I Am Sparkling: NV Parekh and His Portrait Studio Clients
“Look, I shine in this photo!” exclaimed Ms Uweso, describing her portrayal of NV Parekh’s Mombasa studio to Isolde Brielmaier several years later. This is one of many first-hand accounts of Parekh models included in Brielmaier’s recently published book, I Am Sparkling: NV Parekh and His Portrait Studio Clients: Mombasa, Kenya, 1940-1980. It was the turn of the millennium and Brielmaier was reflecting on the wave of postcolonial studies and theories â she was eager to get started. Small selections of studio portrait photographs from East Africa circulated in the North. This herd of images, on the one hand, was suitable for the creation of inter-global awareness; however, one crucial problem remained: people were still talking and theorizing about the subjects’ identities and experiences. As a result, Brielmaier, then a graduate student at Columbia University and now deputy director of the New Museum, spent fourteen months in Mombasa, Kenya, uncovering thousands of lost Parekh records, most of which were poorly maintained. , with the mission of rediscovering the museum of Mombasa. rich visual history, through the words of the models that constituted the very content of the images. His research at Columbia provided the impetus for i am bubblywhich presents an unpublished archive of studio portraits supplemented by first-hand interviews with Parekh’s distinct clientele.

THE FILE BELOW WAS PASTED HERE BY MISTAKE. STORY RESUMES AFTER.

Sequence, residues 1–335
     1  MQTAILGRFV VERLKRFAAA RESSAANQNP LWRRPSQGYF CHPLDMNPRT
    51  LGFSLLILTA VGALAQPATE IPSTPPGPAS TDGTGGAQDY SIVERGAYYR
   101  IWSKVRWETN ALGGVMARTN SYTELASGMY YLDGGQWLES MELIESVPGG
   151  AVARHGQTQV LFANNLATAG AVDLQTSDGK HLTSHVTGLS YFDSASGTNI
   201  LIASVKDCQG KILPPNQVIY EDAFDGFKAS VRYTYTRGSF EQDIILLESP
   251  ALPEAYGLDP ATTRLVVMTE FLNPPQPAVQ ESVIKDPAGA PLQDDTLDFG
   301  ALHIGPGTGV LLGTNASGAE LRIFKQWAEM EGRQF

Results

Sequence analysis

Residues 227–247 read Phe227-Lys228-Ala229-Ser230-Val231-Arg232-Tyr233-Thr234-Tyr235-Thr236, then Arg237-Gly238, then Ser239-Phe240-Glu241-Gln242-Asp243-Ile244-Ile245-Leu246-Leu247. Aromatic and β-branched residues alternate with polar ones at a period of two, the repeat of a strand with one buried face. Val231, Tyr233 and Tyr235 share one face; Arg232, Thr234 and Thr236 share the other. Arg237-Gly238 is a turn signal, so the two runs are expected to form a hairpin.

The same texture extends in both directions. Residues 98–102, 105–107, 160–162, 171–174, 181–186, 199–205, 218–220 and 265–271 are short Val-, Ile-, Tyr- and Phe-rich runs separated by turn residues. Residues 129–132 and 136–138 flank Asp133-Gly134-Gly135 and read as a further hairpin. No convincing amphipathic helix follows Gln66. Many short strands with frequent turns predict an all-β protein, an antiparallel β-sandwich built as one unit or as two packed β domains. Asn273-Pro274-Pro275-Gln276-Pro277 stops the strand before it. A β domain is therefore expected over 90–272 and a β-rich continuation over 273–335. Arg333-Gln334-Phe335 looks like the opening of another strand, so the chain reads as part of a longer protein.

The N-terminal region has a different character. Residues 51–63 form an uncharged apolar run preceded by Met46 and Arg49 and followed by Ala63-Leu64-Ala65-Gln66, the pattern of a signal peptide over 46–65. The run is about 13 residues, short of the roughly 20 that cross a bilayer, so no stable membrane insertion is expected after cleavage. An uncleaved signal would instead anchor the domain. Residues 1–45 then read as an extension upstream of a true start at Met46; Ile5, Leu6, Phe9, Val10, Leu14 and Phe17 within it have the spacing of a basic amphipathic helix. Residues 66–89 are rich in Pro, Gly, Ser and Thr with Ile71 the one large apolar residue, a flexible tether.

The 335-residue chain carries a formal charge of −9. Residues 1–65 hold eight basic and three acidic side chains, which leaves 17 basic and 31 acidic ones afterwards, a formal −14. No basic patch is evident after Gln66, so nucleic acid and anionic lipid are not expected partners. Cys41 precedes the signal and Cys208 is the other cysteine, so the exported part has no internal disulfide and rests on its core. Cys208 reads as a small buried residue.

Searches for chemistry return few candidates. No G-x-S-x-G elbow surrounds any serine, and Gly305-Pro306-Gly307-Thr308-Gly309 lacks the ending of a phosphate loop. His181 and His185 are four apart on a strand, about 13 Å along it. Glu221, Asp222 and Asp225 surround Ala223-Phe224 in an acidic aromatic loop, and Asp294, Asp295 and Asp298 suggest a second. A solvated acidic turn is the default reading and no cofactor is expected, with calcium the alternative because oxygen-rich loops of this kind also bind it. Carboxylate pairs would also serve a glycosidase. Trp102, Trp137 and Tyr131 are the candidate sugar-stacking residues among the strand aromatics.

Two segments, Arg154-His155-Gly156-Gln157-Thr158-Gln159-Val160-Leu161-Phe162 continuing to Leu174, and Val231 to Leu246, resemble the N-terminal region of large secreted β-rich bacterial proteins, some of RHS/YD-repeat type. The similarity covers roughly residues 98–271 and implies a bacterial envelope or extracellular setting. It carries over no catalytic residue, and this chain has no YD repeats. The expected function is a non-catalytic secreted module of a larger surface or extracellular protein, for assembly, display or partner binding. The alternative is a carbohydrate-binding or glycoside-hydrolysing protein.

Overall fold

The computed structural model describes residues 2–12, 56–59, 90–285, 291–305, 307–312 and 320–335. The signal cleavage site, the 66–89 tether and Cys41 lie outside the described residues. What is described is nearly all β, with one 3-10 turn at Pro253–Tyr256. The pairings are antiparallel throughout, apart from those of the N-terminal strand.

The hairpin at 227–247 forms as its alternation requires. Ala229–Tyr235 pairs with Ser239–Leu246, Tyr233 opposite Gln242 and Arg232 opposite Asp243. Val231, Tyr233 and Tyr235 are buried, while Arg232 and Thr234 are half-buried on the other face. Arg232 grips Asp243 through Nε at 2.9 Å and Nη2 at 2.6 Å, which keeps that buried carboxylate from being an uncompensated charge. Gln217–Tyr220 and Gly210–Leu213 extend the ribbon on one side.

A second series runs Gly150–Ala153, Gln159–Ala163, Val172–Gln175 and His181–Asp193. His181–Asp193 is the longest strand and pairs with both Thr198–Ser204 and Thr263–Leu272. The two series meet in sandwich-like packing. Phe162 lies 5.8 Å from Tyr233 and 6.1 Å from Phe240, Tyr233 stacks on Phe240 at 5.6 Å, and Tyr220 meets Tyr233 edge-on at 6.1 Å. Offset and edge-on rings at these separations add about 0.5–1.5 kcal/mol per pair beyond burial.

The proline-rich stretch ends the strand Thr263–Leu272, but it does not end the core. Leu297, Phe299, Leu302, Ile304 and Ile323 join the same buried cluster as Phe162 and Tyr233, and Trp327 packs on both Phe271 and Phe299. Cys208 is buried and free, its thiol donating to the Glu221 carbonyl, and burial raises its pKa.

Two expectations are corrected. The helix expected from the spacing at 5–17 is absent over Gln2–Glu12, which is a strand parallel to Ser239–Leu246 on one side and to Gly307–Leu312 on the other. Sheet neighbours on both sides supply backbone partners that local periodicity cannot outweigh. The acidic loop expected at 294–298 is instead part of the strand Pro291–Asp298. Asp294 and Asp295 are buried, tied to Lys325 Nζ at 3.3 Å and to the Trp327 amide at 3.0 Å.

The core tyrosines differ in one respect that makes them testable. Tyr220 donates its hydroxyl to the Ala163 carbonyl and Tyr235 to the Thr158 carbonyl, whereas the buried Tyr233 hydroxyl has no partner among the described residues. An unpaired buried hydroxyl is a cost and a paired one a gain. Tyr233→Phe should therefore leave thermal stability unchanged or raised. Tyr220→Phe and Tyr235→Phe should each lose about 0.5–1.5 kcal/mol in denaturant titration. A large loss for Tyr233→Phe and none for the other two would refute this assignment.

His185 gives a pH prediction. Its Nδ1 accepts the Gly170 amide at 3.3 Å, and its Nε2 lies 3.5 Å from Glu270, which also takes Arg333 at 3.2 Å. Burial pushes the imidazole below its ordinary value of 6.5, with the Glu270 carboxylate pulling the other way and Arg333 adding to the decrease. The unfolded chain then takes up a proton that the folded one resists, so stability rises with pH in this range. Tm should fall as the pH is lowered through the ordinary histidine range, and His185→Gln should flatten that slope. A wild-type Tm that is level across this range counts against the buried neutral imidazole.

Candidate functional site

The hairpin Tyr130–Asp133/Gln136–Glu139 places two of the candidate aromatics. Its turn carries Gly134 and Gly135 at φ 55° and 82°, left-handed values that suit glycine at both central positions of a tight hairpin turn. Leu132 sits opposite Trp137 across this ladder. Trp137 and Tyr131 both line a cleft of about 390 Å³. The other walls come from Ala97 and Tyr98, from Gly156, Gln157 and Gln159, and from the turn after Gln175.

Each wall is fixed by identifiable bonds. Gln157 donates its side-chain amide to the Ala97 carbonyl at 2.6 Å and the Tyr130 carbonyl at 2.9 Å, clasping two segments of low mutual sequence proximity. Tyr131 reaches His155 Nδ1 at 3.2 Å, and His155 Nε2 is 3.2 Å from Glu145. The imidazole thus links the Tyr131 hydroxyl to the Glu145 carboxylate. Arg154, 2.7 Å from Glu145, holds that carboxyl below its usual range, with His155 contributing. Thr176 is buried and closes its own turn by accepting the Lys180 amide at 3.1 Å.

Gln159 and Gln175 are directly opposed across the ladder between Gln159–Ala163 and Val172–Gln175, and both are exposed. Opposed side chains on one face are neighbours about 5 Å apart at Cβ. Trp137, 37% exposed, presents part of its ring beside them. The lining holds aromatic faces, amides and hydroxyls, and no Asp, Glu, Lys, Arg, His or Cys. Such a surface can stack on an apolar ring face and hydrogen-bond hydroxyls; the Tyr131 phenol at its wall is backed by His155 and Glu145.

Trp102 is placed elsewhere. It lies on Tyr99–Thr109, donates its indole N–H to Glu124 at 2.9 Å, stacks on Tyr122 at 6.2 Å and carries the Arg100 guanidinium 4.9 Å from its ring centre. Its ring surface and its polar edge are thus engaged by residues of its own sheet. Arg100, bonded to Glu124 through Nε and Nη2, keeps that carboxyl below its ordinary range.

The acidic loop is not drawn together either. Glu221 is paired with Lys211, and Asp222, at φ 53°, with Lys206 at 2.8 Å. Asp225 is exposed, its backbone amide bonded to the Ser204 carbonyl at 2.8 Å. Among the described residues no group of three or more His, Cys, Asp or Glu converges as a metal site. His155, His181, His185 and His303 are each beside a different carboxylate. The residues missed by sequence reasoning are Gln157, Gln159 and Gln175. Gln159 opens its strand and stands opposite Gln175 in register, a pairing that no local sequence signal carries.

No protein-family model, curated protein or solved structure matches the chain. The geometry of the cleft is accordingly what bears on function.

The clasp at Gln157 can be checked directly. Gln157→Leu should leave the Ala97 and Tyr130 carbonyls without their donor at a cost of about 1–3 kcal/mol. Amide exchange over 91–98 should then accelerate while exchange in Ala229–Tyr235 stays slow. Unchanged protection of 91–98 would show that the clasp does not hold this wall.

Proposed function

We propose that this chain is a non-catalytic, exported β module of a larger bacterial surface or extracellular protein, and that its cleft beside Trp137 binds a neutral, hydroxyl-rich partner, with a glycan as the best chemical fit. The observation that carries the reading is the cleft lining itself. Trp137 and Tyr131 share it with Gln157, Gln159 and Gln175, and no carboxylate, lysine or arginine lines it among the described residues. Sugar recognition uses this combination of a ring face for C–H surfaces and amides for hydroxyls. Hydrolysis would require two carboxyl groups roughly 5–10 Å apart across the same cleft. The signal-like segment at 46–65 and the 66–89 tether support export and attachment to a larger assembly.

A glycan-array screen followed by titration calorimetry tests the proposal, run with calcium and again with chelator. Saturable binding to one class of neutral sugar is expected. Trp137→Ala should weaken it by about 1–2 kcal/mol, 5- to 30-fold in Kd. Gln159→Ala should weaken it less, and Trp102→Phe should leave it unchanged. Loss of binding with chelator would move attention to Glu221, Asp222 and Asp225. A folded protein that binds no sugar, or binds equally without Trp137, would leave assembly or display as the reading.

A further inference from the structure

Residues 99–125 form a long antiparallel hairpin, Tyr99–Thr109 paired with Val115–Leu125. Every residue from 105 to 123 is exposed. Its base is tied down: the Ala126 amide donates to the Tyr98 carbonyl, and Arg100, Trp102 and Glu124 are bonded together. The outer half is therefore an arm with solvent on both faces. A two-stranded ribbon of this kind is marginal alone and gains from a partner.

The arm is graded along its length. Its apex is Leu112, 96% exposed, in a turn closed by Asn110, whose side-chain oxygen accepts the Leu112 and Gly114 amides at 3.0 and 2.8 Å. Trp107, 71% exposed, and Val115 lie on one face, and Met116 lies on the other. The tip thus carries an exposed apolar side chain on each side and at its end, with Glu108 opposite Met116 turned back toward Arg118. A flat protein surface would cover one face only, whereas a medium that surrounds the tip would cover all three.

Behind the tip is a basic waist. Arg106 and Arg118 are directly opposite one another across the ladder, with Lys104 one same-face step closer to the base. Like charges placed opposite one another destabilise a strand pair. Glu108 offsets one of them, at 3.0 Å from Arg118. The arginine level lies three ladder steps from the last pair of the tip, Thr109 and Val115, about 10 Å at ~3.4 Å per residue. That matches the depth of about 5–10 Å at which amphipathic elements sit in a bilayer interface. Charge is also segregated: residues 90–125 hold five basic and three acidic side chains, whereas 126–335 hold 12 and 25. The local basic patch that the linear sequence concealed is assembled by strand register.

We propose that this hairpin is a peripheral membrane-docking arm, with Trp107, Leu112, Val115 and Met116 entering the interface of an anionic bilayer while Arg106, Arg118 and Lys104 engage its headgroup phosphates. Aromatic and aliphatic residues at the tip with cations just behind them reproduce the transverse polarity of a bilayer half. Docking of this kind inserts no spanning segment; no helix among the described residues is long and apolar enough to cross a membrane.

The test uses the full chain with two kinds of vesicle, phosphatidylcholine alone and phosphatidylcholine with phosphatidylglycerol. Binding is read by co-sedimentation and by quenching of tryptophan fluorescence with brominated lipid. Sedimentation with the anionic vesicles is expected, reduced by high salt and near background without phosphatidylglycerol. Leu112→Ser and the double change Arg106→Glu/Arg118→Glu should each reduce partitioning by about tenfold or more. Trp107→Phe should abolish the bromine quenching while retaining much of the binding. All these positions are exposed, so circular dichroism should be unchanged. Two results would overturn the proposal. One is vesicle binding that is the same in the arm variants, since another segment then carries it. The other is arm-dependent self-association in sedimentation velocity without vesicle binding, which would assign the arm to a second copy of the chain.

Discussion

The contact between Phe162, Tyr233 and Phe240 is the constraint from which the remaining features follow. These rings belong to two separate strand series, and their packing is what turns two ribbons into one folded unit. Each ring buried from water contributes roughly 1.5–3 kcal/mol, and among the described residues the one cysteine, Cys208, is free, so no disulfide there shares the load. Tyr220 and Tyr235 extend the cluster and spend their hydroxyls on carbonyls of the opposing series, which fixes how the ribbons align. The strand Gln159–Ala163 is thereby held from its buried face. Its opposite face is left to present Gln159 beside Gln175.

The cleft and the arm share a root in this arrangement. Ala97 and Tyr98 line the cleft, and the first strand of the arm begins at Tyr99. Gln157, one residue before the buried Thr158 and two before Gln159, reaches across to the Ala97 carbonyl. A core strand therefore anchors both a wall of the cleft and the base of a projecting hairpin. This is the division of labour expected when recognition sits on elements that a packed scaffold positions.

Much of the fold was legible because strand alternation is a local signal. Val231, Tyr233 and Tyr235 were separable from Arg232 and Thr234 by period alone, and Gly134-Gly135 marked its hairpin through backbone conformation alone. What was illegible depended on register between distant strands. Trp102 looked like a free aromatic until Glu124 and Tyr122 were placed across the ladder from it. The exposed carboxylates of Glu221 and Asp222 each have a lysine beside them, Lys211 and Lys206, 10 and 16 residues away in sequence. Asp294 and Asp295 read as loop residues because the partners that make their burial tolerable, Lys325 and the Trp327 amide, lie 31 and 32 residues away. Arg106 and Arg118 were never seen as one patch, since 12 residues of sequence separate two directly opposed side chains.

Ms Uweso was one of many clients who visited the Mombasa studio owned by the Indo-Kenyan photographer. Parekh first opened his black and white portrait studio in 1942. During this period and well into the 1980s, individuals visited Parekh’s studio from all over East Africa, eager to have their pictures taken. . Clients commissioned all kinds of portraits, often commemorating significant events such as weddings and graduations, among other festivities. It was a chance to emulate their sense of personality. In this, the studio allowed a pivotal space for identity formation. After Parekh’s retirement in the early 1980s, his seminal portraiture practice became virtually unknown.
Brielmaier’s book offers a counter-narrative to engagement with African photographic archives as well as photographic histories in general. Challenging the history of canonization and prioritization of photographers, she instead shifts the focus to Parekh’s sitters, particularly women, as a crucial part of the image itself. She fosters a new space to explore East African identity, showcasing agency and visibility through the themes of fashion, history and portrait photography. When discussing Parekh’s portraits, Brielmaier told me, “Too often African voices are silenced or overlooked,” so she included several testimonials from clients of Parekh’s studio to amplify their stories and their experiences in the photo studio. And in doing so, Brielmaier sheds light on why individuals, particularly in 20th-century East Africa, sought out portraits and, by extension, how they used their images when completed.